Guess it’s still better than debtors’ prison. A federal agency is proposing a new rule that would allow debt collectors to contact people through text, email and social media. The Consumer Financial Protection Bureau says the change is being made to keep up with new technology.
Another proposed rule change would limit the number of calls a debt collector can make to a consumer.
Debt collectors would only be allowed to call seven times per week.
The new regulations would be amendments to the Fair Debt Collection Practices Act (FDCPA) passed in 1977 to stop debt collectors from harassing consumers.
Collections and new means of communication
At a town hall meeting in Philadelphia on May 8, the bureau’s director, Kathleen Kraninger, talked about the proposed changes and why they are needed.
“The FDCPA explicitly addressed the use of postcards, collect calls and telegrams. I don’t know about you, but I’ve literally never received a telegram and wouldn’t even know how to send one,” she said. “The upshot is that the FDCPA was written largely to address communications between debt collectors and consumers but it hasn’t always been easy to discern how it might apply to technologies today.”
The FDCPA rules were not updated over the years because Congress had given no agency the authority to make revisions. It wasn’t until the 2010 Dodd-Frank Act that the bureau was authorized to make changes.
Under the proposed new rules, debt collectors would be able to communicate with debtors through phone, email and text. However, any emails or texts sent to consumers would be required to have an opt-out option. A debt collector that does not adhere to that policy will be considered to be in violation of the Fair Debt collection act.
Consumers may also dictate to collectors which emails and phone numbers must be used to contact them. Debt collectors will be considered as “harassing and oppressing” a consumer if they do not abide by those choices.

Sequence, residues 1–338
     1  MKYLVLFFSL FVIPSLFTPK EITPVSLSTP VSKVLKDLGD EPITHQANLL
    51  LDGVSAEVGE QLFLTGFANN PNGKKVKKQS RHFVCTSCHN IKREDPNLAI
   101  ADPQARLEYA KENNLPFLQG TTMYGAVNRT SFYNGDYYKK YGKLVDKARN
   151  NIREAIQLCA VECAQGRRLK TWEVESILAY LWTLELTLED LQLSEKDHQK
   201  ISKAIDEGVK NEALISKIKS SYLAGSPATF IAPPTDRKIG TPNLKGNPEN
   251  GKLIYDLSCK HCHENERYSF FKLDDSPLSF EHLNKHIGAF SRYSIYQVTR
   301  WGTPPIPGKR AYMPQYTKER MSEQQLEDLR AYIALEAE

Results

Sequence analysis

Questions about social media
The bureau has just started a 90-day public response period before the new rules are enacted. Leaders at the bureau concede there is one particular issue they would like to get the public’s take on — social media.
In its 538-page proposal, the bureau is requesting “comment on whether to clarify the meaning of the term email … such as by specifying that it includes direct messaging technology in mobile applications or on social media platforms.”
The bureau does take a stance against debt collectors who contact debtors through social media public postings.
“[A] debt collector may have no legitimate purpose in contacting a consumer by publicly viewable social media. As a result, such conduct may serve only to harass, oppress, or abuse.”
New rules for debt collectors
Along with not being allowed to call a consumer more than seven times a week, debt collectors must communicate their intentions clearly. If they are a third-party that has taken over collection of the debt, that information must be conveyed to the consumer.
Debt collectors also would be required to relay messages in plain language, avoiding legalese, and refrain from shouting, harassing and threatening lawsuits.
If collectors reach the limit of communications with a consumer, they are not allowed further contact until the following week.